AUXILIARY WIND PROPULSION SHIPS

General

This is not an idea for a “return to sail” ocean carrier, but for a sail-assisted cargo motor-ship.

Some day, cargo ships will run on clean fuel. While we wait for that day, we might already be avoiding 50% of harmful emissions by the use of auxiliary wind power.

Reluctance to invest in wind assistance is not surprising, since the contrivances being proposed for simply catching wind are unrealistically expensive. This is because they are intended to work at the flick of a switch, involving no extra crew. The clothes-line rig is comparatively very cheap to set up and maintain, and over a ten-year period, when the push-button wind gear would be beginning to need replacement, the cost of an extra few hands would be infinitesimally small.

Another reason which must be putting off ship managers is the incompatibility of rigs of any sort with bulk cargo handling machinery at terminals. Both these problems are addressed here.

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The proposed rig

Does require specialised extra crew. According to ship size, from 3 to 5 a.b.s could cope with the sail area involved, if the handling procedure suggested further on is followed.

The masts are deck-stepped triangular section lattice towers, braced at mid-length by tubular bipods. Their heads are stayed in the transverse plane, with tubular spreaders.

The “clothes-line” stay linking the mastheads is given a generous dip, which in a funicular polygon such as this, significantly reduces tension. A lighter stay would link the mastheads directly, possibly with some provision against overload due to hull flection in extreme conditions.

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The second drawing shows the ship ready to receive shore machinery. To get the sails out of the way for harbour operations, they would each be lowered complete with all their gear onto a broad canvas strop laid out on the hatch cover, and the primary halliard transferred from the sail to the eye of the strop for hoisting aloft.

Sail handling policy:

The sails (all identical) would have full length battens (more than shown), in p.v.c.pipe, which would extend the leech and also make dousing these very large sails easier. The centre batten would be in heavier pipe, having the function of a boom. There would be two sheets, one to act as preventer when required, also to assist the downhaul in subduing the sail when dousing it. Each sail would be hanked to its own, very light, guidance stay, and would have its own (secondary) halliard. All this gear would first be hoisted by a primary halliard rigged to the clothes-line, with its fall led along the clothes line to to the nearest mast and thence to multiple winches on deck. The guide stays need not be rigged very tight.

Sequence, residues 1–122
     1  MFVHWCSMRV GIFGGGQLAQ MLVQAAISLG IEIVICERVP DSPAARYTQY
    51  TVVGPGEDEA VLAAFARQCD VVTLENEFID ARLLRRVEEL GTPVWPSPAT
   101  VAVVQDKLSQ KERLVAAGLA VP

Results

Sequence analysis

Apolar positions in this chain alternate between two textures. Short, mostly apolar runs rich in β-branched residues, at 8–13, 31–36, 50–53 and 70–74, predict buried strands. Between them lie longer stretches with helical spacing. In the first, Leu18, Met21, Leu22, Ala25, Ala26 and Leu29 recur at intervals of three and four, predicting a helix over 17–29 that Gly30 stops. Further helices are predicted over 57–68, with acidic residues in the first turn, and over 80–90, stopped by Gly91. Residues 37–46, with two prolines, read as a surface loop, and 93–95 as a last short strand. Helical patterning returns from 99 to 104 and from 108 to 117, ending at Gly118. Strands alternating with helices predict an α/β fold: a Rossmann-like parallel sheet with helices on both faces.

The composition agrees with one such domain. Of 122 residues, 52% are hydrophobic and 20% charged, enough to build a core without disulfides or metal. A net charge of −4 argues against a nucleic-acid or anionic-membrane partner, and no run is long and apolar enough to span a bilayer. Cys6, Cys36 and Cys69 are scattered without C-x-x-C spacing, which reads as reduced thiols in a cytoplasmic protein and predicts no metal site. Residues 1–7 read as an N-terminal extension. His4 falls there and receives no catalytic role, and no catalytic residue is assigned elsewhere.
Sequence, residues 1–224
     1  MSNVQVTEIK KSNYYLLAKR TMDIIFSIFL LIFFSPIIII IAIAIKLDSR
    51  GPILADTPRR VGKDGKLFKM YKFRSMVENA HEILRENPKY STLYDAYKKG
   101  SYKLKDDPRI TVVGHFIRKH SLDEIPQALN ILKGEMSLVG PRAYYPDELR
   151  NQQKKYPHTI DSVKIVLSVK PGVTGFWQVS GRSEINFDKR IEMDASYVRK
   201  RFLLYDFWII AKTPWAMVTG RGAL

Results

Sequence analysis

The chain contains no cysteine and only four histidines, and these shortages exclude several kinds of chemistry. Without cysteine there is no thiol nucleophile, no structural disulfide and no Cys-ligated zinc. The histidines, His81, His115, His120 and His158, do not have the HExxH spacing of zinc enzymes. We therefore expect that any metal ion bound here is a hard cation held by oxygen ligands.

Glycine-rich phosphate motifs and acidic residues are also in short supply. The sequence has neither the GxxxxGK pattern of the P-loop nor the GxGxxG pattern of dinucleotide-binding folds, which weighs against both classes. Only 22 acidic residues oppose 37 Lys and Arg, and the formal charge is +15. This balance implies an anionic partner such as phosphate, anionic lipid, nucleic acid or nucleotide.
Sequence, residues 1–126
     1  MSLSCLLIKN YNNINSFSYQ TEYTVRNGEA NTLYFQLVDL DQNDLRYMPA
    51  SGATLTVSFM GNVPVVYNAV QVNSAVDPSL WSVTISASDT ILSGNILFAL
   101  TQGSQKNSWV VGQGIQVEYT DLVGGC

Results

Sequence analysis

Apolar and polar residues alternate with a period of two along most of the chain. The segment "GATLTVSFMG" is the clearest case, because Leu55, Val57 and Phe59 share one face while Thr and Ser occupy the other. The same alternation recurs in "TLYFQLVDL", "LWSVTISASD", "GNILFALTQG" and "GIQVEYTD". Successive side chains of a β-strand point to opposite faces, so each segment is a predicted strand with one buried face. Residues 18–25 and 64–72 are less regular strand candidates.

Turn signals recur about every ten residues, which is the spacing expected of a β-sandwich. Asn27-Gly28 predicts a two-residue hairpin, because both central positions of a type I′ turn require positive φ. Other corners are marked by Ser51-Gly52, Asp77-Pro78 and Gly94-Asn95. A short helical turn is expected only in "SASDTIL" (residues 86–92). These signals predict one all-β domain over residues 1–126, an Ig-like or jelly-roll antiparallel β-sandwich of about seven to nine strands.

The intention is that these sails would all be set as soon as the ship cleared harbour, remaining so throughout the voyage.

Since the sails are free to rotate forward of their stay, and uncontrolled floggig is inhibited by the battens, the way to cope with squalls would be to slack off sheets until undue pressure was off the ship, even to fully feathering them if required.

Generally, line squalls don´t last very long; this practice would avoid the labour-intensive task of reefing or furling conventional sails and then re-setting them son after.

Sailcloth could be quite light in view of not having to stand up to strong winds, their luff and leech reinforced with kevlar tape. If doused at sea, they would be triced down on top of the hatch covers.

The lower terminal of each sail´s stay would be shackled to an eye in the centre of a strop spanning the hatches or deck load and secured at each end to the scuppers, taking advantage of the extra strength of the underlying structure.
Windward performance is never going to be brilliant in a rig with many sails in a row, so the fact that the luffs will be somewhat short of dead-straight loses relevance.

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Down-wind, it would be possible to goose-wing the sails on alternate sides, with some benefit.

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The fourth drawing shows the same total area split into six sails instead of five, making each sail 17% easier to handle and lowering mast height.

How much or how little driving power can a total sail area such as illustrated provide?

The ratio to displacement to the 2/3 power (metric) is 4.4 in the non-dimensional example shown. The 1903 five-mast er “Preussen” had a value of 9.6 under full sail and 6.4 under working rig.

One problem remains: low bridges!! Although it would not be impossible to solve this.

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pgoodeamrina@gmail.com
Palma de Mallorca, Spain, February 2015

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